ingrid bergman

MGM Stories Part Ten: David O. Selznick, The Mayers & Gone With the Wind by Karina Longworth


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In 1930, after putting in time at MGM and RKO, Paramount executive David O. Selznick married Irene Mayer, the daughter of L.B. Mayer. Irene’s father would soon thereafter bring Selznick to MGM to fill in for an ailing Irving Thalberg, but MGM, in all its grandeur, was too small for Selznick’s dreams. He started his own independent studio, through which he created the original A Star is Born, the only Hitchcock movie to win Best Picture, and the biggest hit in the history of Hollywood, Gone with the Wind. Starring Adam Goldberg as David O. Selznick, and Craig Mazin as Louis B. Mayer.


This episode was inspired by a post on our forum requesting the story of the love triangle between Selznick, actor Robert Walker and his wife, the future Jennifer Jones. As part of my research, I went to the BFI Library to read David Thomson's out-of-printShowman: The Life of David O. Selznick, and I became so engrossed that when the library closed I ended up ordering a used copy and carrying it with me on a trip from London to Los Angeles and back -- a commitment, because at 820 pages, even the paperback is heavy and hard to wedge into a carry-on. It was totally worth it. Thomson is a lot like his subject, in that neither is known for their ruthless ability to self-edit, but both put their passion out there in a way that I find fascinating. Thomson really made me feel the grand arc of Selznick's life and career, and after finishing his book, I realized I couldn't just tell the Jennifer Jones story -- I had to at least summarize at length the 30-something years of Selznick's life before he met his second wife. This is preamble became long enough to be it's own episode, so we'll get to Jennifer Jones next week. I guess I'm not great at self-editing, either.

Other sources:

Lion of Hollywood: The Life and Legend of Louis B. Mayer by Scott Eyman

A Private View by Irene Mayer Selznick

City of Nets by Otto Friedrich

This episode was edited by Henry Molofsky. Our research intern is Allie Gemmill. 

YMRT #6: Isabella Rossellini in the 1990s by Karina Longworth


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Today we celebrate the 62nd birthday of actress/model/filmmaker Isabella Rossellini. She was born into Hollywood scandal: her mother, Ingrid Bergman, was denounced on the floor of Congress for her adulterous relationship with Isabella’s father, Italian neorealist director Roberto Rossellini. Isabella herself would go on to have romances with Martin Scorsese and David Lynch, finding her signature film role in the latter’s Blue Velvet. But her parentage and romantic relationships are only part of the story. She made her own fortune modeling, a career which the former scoliosis patient started at the relatively advanced age of 28, ultimately serving an unprecedented 14 years as the face of Lancome. In the 1990s — a decade which began with her being dumped by David Lynch and ended with her launching a company which she referred to as “a secret feminist plot” against the beauty industry — Isabella Rossellini took her legacy into her own hands.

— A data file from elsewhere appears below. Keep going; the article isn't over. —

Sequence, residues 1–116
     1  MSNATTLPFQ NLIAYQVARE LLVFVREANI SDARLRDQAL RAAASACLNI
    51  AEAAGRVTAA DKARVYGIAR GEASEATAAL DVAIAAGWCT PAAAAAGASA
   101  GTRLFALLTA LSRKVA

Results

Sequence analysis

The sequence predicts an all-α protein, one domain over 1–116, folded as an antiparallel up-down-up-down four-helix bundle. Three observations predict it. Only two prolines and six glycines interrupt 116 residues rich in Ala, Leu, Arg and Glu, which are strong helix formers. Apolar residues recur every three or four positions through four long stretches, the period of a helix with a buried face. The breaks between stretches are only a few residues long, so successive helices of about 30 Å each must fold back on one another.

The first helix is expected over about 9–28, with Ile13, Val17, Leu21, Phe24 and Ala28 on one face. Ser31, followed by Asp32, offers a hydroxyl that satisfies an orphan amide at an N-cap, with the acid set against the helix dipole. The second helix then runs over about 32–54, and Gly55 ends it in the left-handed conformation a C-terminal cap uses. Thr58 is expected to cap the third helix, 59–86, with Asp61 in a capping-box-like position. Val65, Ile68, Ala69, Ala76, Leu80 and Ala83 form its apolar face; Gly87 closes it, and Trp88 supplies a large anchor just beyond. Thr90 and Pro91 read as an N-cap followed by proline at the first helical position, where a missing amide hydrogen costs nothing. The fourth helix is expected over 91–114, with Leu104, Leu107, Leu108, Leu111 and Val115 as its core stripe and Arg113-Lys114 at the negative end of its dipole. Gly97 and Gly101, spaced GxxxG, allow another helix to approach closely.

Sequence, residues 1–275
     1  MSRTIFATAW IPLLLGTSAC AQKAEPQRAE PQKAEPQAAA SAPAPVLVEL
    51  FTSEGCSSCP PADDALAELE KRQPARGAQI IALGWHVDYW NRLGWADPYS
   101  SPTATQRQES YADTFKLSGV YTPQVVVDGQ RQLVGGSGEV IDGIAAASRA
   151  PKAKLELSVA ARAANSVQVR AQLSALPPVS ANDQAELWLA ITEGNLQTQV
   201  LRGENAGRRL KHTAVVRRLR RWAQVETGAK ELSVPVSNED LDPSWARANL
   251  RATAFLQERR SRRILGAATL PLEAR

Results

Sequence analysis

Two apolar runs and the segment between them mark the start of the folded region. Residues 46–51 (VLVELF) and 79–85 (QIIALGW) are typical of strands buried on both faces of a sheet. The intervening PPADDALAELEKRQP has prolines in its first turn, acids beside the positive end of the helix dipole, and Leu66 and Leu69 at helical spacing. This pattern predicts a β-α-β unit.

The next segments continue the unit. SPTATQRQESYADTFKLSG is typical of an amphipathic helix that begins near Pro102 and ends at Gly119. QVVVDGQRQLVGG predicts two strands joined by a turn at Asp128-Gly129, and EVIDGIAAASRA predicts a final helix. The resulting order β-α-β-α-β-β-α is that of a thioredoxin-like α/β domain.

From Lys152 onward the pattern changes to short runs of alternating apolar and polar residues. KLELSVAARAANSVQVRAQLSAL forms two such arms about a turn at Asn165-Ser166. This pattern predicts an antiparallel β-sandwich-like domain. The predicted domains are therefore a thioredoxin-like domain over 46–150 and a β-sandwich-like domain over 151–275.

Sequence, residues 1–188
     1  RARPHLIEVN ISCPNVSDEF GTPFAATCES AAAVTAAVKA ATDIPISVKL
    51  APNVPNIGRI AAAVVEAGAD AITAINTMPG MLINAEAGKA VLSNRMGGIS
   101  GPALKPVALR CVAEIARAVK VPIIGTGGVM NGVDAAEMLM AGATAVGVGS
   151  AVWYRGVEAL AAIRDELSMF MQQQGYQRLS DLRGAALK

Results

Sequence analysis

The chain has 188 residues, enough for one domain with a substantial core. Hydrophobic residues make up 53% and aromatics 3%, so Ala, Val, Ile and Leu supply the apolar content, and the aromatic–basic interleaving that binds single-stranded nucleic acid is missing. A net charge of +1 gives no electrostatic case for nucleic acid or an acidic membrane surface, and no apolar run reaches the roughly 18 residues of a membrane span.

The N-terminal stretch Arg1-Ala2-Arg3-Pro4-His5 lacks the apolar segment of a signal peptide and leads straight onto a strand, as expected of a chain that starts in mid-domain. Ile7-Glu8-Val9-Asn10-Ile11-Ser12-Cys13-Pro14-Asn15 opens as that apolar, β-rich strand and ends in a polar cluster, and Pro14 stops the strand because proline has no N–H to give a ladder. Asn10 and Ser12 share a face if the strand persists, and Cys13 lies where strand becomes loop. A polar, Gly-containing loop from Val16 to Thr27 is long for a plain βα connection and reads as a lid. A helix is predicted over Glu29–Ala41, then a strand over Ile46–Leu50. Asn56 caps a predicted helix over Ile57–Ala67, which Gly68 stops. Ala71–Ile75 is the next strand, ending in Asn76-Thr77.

Show notes!

This podcast was inspired by an image I stumbled across, from the brochure produced in 1999 to publicize Manifesto, Rossellini’s short-lived “feminist” cosmetics line. Also, I’m always happy for a chance to talk about Death Becomes Her, about which I wrote an entire chapter in my book about Meryl Streep

I wanted to try to tell at least parts of Isabella’s story like a short story, which, practically, meant that instead of doing a lot of research from various angles, as I’ve done in previous episodes, I wanted to try to get inside my main subject’s point of view. So, one of my key sources was Isabella’s own 1997 memoir, Some of Me. This seems to be out of print, but if you’re interested in her I highly recommend it. It’s a little nutty, charmingly so, and also beautifully illustrated (it has made me obsessed with a certain 90s-vintage Dolce and Gabbana bra.). Isabella’s 1997 Fresh Air interview, which I’ve excerpted liberally within in the podcast, synthesizes a lot of the key themes of the memoir, as do many of her extended interviews, including this live chat with John Anderson, from which I excerpted a bit in which she talks about becoming a model at age 28.

It didn’t play a huge role into my research for this, but Ingrid Bergman’s autobiography is also very good. 

Of the many magazine articles I read this week, these were the most useful:

Isabella Makes a Fresh StartVanity Fair, January 1991

Isabella Rossellini, INDEX, 1999

Daddy’s GirlThe Guardian, April 30, 2006

Have Makeup Will TravelSF Gate, January 11, 2000

Isabella Rossellini Makes a Beauty Statement With Manifesto LineLA Times, January 7, 2000

“Isabella Rossellini’s Manifesto: anatomy of a commercial fragrance failure” Examiner, March 15, 2010


"Blue Velvet," performed by Isabella Rossellini in Blue Velvet

Blue Velvet theme, by Angelo Badalamenti

“Single,” by Everything But the Girl

“Weightless,” by Washed Out

“Jump Into the Fire,” by Harry Nilsson

“But The World Goes Round,” performed by Liza Minnelli in New York, New York

Theme from Cousins, by Angelo Badalamenti

“Middle of the Road,” by The Pretenders

“Theme d’Amour” from Alphaville, by Paul Maraki

“Jonathan,” by Fiona Apple

“Spread Your Wings,” by Spiritualized

“Apartment Song,” by Possum Dixon

"Justify My Love," by Madonna

Death Becomes Her theme, by Alan Silvestri

"Moon River," performed by Morrissey

"Blue Lines," by Massive Attack

"Les Yper Sound," by Stereolab

"Flower," by Sonic Youth

"Naked Eye," by Luscious Jackson

"A Party Able Model Of," by Joan of Arc

"Blue Velvet," performed by Lana Del Rey